Recently we came across a new family of cross-platform backdoors for desktop environments. First we got the Linux variant, and with information extracted from its binary, we were able to find the variant for Windows desktops, too. Not only that, but the Windows version was additionally equipped with a valid code signing signature. Let´s have a look at both of them.
DropboxCache aka Backdoor.Linux.Mokes.a
This backdoor for Linux-based operating systems comes packed via UPX and is full of features to monitor the victim’s activities, including code to capture audio and take screenshots.
After its first execution, the binary checks its own file path and, if necessary, copies itself to one of the following locations:
One example would be this location: $HOME/.local/share/.dropbox/DropboxCache. To achieve persistence, it uses this not very stealthy method: it just creates a .desktop-file in $HOME/.config/autostart/$filename.desktop. Here’s the template for this:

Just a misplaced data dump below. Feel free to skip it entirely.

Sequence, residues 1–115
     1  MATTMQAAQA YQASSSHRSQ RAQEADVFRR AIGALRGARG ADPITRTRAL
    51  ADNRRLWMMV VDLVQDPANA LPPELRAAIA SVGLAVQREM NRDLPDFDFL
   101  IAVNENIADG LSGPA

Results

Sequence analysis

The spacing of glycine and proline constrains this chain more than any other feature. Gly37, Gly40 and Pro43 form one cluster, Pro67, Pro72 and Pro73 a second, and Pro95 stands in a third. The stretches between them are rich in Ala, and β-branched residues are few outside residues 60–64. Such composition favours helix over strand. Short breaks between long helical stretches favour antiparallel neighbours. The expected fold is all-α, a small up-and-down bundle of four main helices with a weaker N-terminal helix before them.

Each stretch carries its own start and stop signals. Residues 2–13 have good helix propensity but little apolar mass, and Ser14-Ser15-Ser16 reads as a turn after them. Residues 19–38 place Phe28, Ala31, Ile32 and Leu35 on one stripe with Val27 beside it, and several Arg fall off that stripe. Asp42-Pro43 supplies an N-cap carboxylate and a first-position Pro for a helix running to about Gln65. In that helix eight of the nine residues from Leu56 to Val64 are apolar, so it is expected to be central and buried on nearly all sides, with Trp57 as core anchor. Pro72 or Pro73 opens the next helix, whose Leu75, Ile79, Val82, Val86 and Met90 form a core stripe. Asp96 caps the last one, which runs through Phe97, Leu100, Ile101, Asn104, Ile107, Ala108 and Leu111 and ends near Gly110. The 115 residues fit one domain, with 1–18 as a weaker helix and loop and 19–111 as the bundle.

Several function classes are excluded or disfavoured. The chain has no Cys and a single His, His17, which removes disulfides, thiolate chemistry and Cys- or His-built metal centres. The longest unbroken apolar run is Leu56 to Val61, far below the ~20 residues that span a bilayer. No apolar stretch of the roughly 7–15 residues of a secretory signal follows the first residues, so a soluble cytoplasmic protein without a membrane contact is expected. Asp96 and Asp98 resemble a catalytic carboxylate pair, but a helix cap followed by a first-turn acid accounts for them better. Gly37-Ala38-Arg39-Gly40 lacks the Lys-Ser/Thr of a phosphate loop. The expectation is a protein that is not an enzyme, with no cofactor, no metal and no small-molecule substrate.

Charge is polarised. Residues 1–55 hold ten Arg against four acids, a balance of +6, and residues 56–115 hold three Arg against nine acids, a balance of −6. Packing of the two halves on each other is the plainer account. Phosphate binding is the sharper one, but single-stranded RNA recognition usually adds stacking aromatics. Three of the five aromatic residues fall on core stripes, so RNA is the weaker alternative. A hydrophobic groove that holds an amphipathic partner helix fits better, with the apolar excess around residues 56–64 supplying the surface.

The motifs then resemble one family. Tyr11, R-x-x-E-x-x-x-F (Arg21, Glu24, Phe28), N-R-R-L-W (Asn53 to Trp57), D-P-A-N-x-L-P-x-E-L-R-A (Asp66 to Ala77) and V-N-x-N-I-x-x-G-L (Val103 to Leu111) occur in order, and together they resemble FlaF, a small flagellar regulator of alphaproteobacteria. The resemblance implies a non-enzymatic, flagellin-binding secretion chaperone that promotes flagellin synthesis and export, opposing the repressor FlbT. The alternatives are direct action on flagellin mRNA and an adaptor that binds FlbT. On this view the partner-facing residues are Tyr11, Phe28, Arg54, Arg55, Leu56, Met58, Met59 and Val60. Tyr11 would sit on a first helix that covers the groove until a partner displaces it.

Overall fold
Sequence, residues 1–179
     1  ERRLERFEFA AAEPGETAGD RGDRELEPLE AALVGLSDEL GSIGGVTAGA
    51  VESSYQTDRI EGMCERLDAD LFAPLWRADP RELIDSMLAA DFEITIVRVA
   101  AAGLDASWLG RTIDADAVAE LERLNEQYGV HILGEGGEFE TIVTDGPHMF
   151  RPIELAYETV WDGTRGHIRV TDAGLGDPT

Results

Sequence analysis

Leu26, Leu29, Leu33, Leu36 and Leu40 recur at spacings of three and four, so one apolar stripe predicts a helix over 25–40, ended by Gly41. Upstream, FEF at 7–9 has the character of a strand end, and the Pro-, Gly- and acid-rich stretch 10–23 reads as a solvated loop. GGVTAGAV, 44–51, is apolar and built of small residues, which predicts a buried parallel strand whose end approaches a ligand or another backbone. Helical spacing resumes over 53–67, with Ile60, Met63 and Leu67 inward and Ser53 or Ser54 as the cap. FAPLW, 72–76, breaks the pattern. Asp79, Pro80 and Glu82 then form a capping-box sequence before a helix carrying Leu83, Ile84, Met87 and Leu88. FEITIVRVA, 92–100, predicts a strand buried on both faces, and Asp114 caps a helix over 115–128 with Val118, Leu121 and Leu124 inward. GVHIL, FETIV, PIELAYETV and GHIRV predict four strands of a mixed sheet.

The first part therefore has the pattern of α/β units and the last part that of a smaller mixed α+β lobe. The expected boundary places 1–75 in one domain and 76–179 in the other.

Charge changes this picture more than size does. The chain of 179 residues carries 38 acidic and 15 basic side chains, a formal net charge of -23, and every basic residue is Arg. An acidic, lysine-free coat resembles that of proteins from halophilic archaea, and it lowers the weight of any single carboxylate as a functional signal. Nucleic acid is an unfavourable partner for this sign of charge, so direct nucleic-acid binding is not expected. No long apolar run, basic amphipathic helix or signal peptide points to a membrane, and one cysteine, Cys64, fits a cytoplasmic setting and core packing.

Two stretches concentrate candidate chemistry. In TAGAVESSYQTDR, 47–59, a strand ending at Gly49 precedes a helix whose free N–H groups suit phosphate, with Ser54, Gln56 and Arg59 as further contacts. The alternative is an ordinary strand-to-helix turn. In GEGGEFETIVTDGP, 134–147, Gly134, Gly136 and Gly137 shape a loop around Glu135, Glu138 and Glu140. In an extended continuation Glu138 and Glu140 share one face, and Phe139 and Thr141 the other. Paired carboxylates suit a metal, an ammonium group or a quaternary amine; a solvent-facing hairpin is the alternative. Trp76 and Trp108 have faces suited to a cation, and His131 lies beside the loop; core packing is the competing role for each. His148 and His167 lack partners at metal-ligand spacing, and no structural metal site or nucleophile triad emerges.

Next, it connects to its hardcoded C&C Server. From this point, it performs an http request every minute:

This “heartbeat” request replies with a one-byte image. To upload and receive data and commands, it connects to TCP port 433 using a custom protocol and AES encryption. The binary comes with the following hardcoded public keys:

The malware then collects gathered information from the keylogger, audio captures and screenshots in /tmp/. Later it will upload collected data to the C&C.
/tmp/ss0-DDMMyy-HHmmss-nnn.sst (Screenshots, JPEG, every 30 sec.)